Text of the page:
Featuring Posted on April 1, 2010

Silence is not a comfortable part of our world. We are pressured to keep up with our culture and the norms of our society. The glitz and professionalism of the movies and entertainment is being absorbed by our churches. And it’s a dilemma. Why would someone come to church if the entertainment isn’t as good as at our entertainment centres?

Well, the obvious answer would be to find God . . . but let’s refuse sarcasm for a moment. The pressure to entertain people by programs is huge. Our little church, planted in the middle of a high immigrant, low income area, is struggling to understand what it means to be a church. We talk in circles about becoming a part of the community. But we’re still tempted to put on ‘one more program’ so that the people will come to us – even though we know that our calling is to go and live among the people so that they too will know the glory of our God as we work alongside of them in the community.

As Christians, we feel that we are competing against the world for air time. Naturally, our logic is, the church should be giving people something that can compare with the world’s entertainment.
But we have it wrong! I know I’m yelling but I can’t stress this enough:
the church should be giving people something much, much better than they could get anywhere else!
And that might just be the opportunity for silence.

We seldom give ourselves the opportunity to ‘centre down’, to quiet our busy lives, to sit patiently waiting for the Lord to draw near and speak in his ‘still, small voice’. That’s something that seems best left for our private times of devotion . . . if we can actually do so without falling asleep!

A number of years ago, I was leading worship at a conference in western Canada. On the second night of the conference I became keenly aware of God’s presence drawing near. In fact, I didn’t use the final two songs in the worship package the team and I had rehearsed earlier because there was a clear sense that God had ‘drawn near’. I stood on stage in silence for a couple of minutes, then put my guitar away and sat down. The band followed suit and also came and sat down.

For the next 75 minutes we sat in silence. David Damien, the guest speaker for the conference, never got up to speak. No announcements were made. We just sat in silence.

It was an amazing process I went through during that time of quiet. First, I thought, “Wow, this is really neat! An awesome, unplanned time of quiet to reflect on what God has been saying to us through the songs we’ve been singing.” But twenty minutes later, I began to question whether I should have maybe done those last two or three songs anyway. Or maybe I should get up and play again – you know – to fill the silence. Maybe just add some ‘mood’ background music. Forty-five minutes into this time of quiet reflection, the silence had become excruciatingly painful as my thoughts began a valiant effort to fill the void with sound. “Didn’t they fly this guy up here to speak? So what is he getting paid for? We came to hear him speak! The church is not getting its money’s worth! The people attending this conference are getting ripped off!”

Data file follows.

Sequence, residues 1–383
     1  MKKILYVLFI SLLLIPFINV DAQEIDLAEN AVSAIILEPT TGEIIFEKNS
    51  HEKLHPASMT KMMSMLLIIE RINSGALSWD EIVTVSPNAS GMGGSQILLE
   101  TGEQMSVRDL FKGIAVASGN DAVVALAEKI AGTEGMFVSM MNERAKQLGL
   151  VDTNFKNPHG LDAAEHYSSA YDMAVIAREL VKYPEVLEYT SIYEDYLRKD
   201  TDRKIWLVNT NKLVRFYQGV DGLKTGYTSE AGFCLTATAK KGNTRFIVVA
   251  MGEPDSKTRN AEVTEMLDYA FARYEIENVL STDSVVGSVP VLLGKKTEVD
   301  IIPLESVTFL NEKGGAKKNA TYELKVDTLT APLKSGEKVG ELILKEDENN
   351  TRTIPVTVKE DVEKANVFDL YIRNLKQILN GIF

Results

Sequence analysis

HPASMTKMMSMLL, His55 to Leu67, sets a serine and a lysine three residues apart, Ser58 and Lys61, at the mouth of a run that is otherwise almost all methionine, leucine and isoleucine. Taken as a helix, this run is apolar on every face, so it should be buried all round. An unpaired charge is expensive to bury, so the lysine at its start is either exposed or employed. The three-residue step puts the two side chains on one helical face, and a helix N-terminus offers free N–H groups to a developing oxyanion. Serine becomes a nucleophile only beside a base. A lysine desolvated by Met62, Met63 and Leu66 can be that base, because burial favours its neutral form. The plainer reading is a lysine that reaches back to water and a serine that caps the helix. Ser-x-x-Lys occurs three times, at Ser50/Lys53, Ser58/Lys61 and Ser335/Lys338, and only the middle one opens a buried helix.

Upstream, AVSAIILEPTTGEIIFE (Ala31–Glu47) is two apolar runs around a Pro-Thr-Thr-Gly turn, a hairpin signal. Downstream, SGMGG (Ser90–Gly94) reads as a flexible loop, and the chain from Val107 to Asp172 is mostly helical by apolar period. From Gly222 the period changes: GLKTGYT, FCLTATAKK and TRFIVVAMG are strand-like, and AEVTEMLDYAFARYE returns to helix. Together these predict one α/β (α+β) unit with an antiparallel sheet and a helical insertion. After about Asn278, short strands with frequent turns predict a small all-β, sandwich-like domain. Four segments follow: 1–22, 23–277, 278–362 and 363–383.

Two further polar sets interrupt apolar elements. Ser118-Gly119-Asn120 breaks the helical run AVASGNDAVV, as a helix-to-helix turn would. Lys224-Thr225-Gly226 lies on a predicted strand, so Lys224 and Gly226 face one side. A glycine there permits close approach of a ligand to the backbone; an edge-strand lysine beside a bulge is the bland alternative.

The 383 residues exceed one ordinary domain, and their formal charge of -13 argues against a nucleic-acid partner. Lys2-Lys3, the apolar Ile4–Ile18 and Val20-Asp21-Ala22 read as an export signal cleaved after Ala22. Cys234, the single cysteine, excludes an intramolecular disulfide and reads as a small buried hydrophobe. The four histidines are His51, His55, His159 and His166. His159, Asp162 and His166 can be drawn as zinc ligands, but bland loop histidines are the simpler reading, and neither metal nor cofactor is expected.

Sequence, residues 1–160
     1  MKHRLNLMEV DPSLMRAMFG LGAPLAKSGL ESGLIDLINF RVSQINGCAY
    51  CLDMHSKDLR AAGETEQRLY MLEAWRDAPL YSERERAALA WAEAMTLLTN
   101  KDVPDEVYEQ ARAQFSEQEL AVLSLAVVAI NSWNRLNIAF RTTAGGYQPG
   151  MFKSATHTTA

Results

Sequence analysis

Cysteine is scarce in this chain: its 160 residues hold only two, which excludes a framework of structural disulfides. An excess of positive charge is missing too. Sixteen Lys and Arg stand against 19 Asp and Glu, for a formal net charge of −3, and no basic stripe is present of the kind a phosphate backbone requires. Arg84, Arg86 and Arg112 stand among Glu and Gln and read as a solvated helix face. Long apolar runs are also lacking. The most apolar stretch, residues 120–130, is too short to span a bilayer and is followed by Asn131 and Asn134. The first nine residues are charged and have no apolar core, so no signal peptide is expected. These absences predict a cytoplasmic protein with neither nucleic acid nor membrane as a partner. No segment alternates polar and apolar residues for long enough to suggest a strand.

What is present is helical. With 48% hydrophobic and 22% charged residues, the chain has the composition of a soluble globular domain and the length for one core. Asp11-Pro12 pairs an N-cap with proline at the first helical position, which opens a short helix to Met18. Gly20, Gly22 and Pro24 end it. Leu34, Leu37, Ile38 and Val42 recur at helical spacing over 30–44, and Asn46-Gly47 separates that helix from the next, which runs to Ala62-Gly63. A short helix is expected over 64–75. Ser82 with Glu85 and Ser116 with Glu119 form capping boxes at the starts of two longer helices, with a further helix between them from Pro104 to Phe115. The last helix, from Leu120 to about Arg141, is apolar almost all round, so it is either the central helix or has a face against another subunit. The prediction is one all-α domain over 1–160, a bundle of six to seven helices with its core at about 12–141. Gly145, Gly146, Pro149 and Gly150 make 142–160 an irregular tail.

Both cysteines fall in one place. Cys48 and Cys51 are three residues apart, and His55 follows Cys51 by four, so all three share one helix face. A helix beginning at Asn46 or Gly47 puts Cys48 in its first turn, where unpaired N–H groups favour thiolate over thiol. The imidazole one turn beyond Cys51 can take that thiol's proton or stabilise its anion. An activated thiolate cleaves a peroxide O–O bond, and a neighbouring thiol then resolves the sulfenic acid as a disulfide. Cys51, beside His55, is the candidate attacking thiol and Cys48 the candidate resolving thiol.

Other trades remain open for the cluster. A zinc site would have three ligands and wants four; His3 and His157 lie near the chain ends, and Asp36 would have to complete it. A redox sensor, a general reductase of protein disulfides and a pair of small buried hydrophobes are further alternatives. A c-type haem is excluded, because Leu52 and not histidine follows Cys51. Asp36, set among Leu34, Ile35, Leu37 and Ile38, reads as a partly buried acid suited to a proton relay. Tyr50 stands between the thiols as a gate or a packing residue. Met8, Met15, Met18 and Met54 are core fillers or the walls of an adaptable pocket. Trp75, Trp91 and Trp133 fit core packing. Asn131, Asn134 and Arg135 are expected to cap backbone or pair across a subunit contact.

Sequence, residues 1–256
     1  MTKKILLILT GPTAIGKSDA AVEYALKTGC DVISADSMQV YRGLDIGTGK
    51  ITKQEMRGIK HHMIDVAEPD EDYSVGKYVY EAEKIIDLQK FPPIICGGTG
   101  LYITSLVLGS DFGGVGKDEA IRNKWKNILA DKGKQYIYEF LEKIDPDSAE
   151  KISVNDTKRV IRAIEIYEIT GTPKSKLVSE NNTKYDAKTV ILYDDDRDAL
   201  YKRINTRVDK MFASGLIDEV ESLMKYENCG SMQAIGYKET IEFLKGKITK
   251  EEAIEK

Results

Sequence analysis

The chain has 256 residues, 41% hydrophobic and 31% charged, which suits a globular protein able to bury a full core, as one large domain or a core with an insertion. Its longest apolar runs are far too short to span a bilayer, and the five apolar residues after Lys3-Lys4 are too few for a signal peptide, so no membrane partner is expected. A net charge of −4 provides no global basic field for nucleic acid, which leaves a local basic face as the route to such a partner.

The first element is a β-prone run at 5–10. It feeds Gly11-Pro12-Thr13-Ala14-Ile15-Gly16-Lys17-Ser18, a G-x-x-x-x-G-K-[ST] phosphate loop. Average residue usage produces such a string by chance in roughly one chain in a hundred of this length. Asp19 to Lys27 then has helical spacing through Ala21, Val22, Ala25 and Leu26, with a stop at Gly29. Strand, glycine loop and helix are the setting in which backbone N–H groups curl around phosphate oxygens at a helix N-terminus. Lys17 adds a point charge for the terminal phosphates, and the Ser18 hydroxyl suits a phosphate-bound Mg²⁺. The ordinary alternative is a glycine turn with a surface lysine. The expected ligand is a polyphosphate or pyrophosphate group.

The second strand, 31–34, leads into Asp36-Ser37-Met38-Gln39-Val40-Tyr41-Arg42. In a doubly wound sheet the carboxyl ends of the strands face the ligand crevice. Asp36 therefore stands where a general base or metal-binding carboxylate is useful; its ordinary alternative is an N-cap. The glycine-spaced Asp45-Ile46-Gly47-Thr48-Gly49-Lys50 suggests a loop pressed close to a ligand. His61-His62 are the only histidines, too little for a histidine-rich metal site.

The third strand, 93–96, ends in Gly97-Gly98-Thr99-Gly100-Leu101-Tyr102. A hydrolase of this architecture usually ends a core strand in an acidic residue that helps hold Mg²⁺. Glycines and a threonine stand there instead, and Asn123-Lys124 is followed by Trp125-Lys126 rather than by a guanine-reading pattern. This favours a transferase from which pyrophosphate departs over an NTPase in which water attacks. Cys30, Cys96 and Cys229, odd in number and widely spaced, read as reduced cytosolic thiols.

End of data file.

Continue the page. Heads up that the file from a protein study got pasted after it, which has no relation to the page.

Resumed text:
Finally, for the last fifteen minutes – my resistance finally worn thin – I was able to become quiet before the Lord and begin to listen for his voice. And he made his still, small voice heard.

After this time of silence, the guest speaker stood up and asked the congregation what God had been saying to them. People stood up to share what they had heard God speak to them during that time of silence.
God had spoken in powerful ways during the silence.

When I walk into the cathedrals of Europe, I am drawn to the echoing silence of the stone walls. There are many factors that give the feeling of awesomeness: the age of the building; the height of the ceilings, the art work, the architecture, the stained glass. But more than that, there is a sense of quiet reflection. People enter into the building talk in hushed whispers.

While I love the excited voices in our church on Sunday morning, sometimes I wonder if we need to provide a public place where those who need to listen to God can just come and be quiet, where there is an expectation of silence.

God used silence in the past to speak to his people. He uses silence today to speak to us. Are we taking time to become silent before him so we might more clearly hear and understand his voice? Sometimes our best worship starts when we become silent and wait for his still, small voice to speak.

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